Next in the name is a fairly complicated piece: 7-(1-piperazinyl). This tells us that at position 7, we find a thing called piperazine, C4H10N2, which, in turn, is attached at its 1 position. Here's piperazine itself:

The piperazine molecule is a six-membered ring with N atoms at two opposite corners of the ring. Each N also has one lone pair of electrons (not shown here). These atoms and the four C atoms are all sp3 hybridized, which tells us that the ring is not a flat, planar structure. All the ring bond angles should be close to the tetrahedral angle, 109°, whereas the internal angles of a flat hexagon are all 120°. The positions on the ring are numbered starting with either N, so that in cipro, the notation "7-(1-piperazinyl)" means "take piperazine, pull off one H atom from one of the N atoms, and attach the remaining fragment to the main cipro ring system at its position 7."

Last in the name is "3-quinolinecarboxylic acid." This is a mouthfull. If we break it down, we find that the first part, "quinoline," is the name of the simpler molecule upon which cipro and many other drugs are built. (The molecule quinine, which is used to treat malaria, is one such drug.) Here's quinoline itself:

The quinoline molecule is two fused six-member benzene rings with one C atom and its associated H atom replaced with a N atom and its associated lone pair. Each C atom and the N atom are sp2 hybridized, making the entire molecule planar. Each of these atoms has two single bonds and one double bond, as in the simple picture of bonding in benzene, C6H6, but we know (see page 637 in the text) that the p bonding orbitals in benzene are delocalized around the ring. In quinoline, the delocalization spreads over both rings.

If we contrast the ring bonding structure in quinoline to the ring bonding structure in cipro, we see some surprises, highlighted below in red with the delocalized double bonds in the benzene-like rings shown as red circles to emphasize the delocalization:

Note the changes in the right-hand ring system in cipro: the N at the 1 position has changed from sp2 to sp3 hybridization, and the C at the 4 position (right above the N), while still sp2 hybridized now has its double bond localized outside the ring in cipro rather than delocalized in the ring as in quinoline. (The mysterious "1,4-dihydro" part of cipro's name stems from these changes in bonding.) These changes also force a localized C–C double bond between carbons 2 and 3.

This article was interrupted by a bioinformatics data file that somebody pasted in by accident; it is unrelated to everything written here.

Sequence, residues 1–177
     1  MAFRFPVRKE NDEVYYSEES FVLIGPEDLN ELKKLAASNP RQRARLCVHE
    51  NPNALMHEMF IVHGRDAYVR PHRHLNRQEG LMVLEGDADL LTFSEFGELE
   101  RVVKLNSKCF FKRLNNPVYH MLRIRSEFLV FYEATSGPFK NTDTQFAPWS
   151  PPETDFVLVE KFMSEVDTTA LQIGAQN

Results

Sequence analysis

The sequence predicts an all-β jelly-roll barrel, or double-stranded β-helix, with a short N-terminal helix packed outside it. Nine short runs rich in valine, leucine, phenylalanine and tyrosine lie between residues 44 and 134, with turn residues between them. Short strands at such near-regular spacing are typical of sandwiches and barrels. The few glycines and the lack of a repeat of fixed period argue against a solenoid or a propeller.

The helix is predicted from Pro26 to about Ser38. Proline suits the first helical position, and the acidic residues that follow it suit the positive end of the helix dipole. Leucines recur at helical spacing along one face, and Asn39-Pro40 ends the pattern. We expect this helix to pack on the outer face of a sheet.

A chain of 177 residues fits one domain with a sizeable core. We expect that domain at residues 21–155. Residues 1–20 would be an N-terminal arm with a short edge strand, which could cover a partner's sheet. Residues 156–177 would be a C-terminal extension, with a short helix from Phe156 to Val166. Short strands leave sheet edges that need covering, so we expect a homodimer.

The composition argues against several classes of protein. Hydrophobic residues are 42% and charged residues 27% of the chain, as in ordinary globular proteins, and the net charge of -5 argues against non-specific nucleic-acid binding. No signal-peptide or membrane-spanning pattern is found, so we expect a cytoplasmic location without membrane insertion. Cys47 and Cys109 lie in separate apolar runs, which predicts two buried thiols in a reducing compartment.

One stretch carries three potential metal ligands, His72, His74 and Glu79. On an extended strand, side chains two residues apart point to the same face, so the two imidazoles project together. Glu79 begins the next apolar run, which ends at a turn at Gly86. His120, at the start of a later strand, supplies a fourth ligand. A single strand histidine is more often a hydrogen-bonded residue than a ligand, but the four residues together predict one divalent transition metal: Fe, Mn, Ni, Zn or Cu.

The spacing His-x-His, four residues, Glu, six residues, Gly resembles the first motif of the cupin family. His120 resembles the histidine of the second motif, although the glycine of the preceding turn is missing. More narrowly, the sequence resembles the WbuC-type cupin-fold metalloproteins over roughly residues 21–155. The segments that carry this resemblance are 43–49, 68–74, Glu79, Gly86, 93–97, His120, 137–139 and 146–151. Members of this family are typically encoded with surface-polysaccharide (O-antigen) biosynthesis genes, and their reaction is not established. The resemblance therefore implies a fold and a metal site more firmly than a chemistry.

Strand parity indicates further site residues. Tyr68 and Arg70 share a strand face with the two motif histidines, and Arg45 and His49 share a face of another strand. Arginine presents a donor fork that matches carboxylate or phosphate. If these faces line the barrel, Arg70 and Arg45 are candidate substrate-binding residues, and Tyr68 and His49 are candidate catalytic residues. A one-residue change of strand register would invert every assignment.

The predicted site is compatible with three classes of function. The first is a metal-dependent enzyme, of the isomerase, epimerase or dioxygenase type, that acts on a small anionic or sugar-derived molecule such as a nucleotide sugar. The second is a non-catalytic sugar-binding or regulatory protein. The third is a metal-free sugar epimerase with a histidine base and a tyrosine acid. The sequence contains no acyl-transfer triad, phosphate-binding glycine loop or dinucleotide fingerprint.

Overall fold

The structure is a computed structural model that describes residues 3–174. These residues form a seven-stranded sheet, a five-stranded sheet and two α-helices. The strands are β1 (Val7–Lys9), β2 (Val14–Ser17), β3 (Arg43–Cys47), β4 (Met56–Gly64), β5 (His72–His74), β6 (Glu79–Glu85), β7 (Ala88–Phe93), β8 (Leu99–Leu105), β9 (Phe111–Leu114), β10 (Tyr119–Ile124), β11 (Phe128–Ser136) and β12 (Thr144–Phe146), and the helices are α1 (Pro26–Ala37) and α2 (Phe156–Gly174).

The final part of cipro, the rest of the "3-quinolinecarboxylic acid" part of the name, is the collection of atoms attached at position 3. These atoms, –COOH, are called a carboxyl group, and they represent one of the most important so-called functional groups in all of organic chemistry. Every organic acid has one or more such groups (formic acid, HCOOH, is the simplest), and it is the H atom in this group that provides the acidic proton. Here is that part of cipro in detail:

The carboxylic acid part of the molecule is the –COOH group bonded to ring C atom 3. The brown H atom is the acidic hydrogen that leaves as H+. The O atom bonded to it is sp3 hybridized (two s bonds + two lone pairs). The other two O atoms are sp2 hybridized. When the H+ leaves, the –COO group left behind has an interesting ability to delocalize the C–O p bond. See if you can start with the Lewis structure for formic acid, HCOOH, then remove the acidic proton (the last one), leaving the formate ion, HCOO. Try to draw Lewis resonance structures for this ion. The delocalization is the "superposition" of the resonance structures.

This completes our walk through the molecular structure of cipro. We were able to deconstruct this complicated molecule by carefully walking around from atom to atom, noting the type of hybridization at each atom and the atomic geometries and electron bonding patterns these hybridizations imply. If you would like to read more about Cipro, an 18 page 122 kbyte pdf document from its maker, Bayer, is available.

Go to top